Also looks like yours with the added bonus of an even more inflated gain claim. While an ideal 15 element theoretical yagi might have about 14dBi gain (at best), this eBay wonder claims 25dBi.
Yep. For what little it costs, it was easy enough to buy and try.
That's just plain sloppiness in constructions. There are yagis where the spacing is different between elements, but once you get past about the 3rd director, equal 0.2 wavelength spacing is what works best for maximum gain. If you optimize the antenna for minimum side lobes, it usually requires some variable spacing, but not past the 3rd director.
Try it and see what you get (busy tonite):
Sure, but they never vary in a "wave" pattern.
Dunno. Show me an example of a long boom antenna with this wave pattern.
Incidentally, one of my friends noticed that the elements were not in the center of the boom, which is the traditional construction method. See photo at:
The problem is that the element length must include the boom and if there are two lengths to the boom, the models start to fall apart. I have no clue what the effect of such an asymmetrical construction might be, but it can't be anything good.
Ok, I'll bite. Ever rotate your HF yagi and find that the DX signal is equally strong from all directions? I've seen this many time, and often wondered if the antenna was broken or misdesigned. There was an article in a recent QST explaining the phenomenon. It seems that ionospheric refraction does NOT require that the angle of incidence is equal to the angle of reflection. Most commonly, they're quite different, resulting in the signal coming from directly overhead. (No, this is not NVIS). The author offered an experiment using WWV to demonstrate the phenomenon. I didn't try it, but one of my friends did, and verified this contention. So, with the signal coming from directly above, what good is a directional HF yagi?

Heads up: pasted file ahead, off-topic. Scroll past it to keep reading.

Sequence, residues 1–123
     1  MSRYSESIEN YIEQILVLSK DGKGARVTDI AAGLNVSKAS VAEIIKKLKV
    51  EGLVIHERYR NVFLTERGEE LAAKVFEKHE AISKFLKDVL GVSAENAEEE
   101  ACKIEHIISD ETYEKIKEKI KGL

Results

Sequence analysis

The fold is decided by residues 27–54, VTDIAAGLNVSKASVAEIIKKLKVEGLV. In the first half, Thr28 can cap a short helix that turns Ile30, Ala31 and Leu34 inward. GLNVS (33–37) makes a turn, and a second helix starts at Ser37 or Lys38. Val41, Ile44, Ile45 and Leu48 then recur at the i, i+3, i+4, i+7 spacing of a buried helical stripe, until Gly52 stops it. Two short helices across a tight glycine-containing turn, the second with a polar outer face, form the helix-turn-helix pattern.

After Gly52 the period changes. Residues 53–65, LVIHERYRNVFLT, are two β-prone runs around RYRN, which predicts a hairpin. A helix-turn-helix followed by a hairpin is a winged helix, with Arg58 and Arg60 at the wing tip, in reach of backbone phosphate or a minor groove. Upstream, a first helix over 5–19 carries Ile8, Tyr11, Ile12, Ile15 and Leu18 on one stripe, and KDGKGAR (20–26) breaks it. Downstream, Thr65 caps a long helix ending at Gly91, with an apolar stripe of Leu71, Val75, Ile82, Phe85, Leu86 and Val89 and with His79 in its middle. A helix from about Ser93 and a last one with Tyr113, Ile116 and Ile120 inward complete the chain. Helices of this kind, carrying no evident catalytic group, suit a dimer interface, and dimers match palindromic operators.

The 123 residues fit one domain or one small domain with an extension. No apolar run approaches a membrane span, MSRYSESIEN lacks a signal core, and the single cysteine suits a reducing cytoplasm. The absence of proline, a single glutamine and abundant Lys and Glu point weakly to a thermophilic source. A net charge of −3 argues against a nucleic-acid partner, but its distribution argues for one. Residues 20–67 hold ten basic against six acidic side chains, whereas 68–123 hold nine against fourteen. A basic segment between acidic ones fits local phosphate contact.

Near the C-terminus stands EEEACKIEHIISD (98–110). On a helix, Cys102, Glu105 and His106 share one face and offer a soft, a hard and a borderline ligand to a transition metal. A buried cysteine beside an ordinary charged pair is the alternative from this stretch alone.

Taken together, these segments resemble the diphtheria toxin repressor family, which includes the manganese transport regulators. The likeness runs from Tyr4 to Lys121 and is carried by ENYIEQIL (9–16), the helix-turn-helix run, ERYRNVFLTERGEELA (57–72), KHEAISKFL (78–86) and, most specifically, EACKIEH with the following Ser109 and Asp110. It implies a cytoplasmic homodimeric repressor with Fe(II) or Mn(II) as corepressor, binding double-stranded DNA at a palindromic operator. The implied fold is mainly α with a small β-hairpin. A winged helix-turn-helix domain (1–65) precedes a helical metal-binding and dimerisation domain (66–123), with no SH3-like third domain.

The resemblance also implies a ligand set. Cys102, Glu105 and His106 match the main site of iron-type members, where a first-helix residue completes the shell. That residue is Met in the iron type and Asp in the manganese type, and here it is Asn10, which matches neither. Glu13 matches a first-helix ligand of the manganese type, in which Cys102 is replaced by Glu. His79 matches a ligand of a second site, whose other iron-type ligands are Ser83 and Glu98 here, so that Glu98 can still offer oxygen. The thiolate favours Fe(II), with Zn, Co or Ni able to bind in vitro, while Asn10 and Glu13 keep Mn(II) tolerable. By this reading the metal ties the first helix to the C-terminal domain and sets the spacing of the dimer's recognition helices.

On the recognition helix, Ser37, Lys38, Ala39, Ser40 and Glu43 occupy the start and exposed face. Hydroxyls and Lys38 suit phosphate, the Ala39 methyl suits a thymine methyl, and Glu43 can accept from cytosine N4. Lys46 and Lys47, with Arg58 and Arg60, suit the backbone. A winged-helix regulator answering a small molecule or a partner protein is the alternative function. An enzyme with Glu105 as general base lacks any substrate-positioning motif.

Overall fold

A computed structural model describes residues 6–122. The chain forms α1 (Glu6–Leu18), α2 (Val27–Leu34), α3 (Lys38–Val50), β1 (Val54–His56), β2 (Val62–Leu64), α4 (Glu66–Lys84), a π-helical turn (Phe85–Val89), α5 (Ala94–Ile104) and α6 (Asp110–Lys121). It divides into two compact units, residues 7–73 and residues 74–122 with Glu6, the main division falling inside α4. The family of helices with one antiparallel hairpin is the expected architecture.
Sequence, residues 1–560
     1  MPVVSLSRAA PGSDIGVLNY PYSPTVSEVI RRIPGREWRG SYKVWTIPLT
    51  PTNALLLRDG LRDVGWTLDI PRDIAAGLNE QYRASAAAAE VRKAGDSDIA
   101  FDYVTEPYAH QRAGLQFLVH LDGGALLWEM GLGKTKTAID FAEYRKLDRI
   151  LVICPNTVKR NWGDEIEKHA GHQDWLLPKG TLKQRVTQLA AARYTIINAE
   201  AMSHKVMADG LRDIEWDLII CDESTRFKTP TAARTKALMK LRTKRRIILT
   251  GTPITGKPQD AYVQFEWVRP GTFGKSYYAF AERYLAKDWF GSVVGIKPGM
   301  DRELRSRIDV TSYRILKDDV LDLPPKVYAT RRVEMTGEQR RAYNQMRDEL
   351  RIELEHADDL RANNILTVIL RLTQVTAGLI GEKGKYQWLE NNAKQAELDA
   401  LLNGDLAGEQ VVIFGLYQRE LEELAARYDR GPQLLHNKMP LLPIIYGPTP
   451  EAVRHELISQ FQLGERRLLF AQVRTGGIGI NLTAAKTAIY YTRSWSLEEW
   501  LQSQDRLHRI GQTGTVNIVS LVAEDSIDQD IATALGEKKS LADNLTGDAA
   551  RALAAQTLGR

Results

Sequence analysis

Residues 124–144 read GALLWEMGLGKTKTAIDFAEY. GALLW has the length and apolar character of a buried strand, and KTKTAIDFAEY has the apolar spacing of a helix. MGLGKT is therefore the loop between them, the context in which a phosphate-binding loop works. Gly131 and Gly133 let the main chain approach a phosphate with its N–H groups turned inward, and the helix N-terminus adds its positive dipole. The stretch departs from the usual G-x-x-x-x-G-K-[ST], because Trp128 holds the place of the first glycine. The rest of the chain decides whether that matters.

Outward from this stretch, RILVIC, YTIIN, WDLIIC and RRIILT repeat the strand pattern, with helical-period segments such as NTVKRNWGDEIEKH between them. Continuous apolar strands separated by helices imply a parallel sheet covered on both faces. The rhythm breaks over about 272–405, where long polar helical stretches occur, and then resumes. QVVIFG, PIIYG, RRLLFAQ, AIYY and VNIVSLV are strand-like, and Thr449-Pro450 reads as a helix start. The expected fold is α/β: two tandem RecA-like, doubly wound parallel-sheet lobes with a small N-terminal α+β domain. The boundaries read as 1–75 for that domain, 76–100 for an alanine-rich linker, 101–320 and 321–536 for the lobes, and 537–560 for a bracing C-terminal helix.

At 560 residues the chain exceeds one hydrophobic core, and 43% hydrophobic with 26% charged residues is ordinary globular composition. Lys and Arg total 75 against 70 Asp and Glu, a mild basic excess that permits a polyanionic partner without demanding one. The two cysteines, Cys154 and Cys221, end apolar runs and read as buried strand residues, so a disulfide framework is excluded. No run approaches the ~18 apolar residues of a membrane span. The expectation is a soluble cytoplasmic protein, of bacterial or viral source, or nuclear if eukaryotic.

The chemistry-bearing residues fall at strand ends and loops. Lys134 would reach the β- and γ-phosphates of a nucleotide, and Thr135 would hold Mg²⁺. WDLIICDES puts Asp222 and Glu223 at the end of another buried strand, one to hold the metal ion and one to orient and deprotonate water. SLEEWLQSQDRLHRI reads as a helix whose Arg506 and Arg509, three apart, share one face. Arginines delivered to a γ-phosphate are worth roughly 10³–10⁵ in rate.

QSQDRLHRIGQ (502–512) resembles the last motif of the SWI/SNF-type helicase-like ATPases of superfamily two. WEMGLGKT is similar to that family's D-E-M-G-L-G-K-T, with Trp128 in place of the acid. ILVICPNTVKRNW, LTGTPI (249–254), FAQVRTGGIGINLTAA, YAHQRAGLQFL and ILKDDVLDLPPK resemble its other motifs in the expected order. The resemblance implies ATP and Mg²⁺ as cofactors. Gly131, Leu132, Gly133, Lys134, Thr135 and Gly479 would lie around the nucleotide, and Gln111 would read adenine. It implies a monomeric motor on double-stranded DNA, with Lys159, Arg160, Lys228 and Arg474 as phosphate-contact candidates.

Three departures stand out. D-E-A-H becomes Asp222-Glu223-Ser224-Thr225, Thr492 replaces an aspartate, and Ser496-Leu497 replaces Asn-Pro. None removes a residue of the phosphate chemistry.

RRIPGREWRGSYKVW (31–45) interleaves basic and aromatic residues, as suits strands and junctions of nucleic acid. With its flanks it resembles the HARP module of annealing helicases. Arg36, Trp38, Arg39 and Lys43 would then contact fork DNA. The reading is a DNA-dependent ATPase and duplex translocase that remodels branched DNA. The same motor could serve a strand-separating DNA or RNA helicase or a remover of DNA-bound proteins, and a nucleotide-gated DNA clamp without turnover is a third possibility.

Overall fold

They do NOT need to be insulated from the boom. However, if they do connect to the boom, the calculated element length must include the outside circumference of the boom (which it apparently does not). Also note that the MFJ-1800 yagi is one solid piece of stamped sheet metal, which also does not insulate the boom.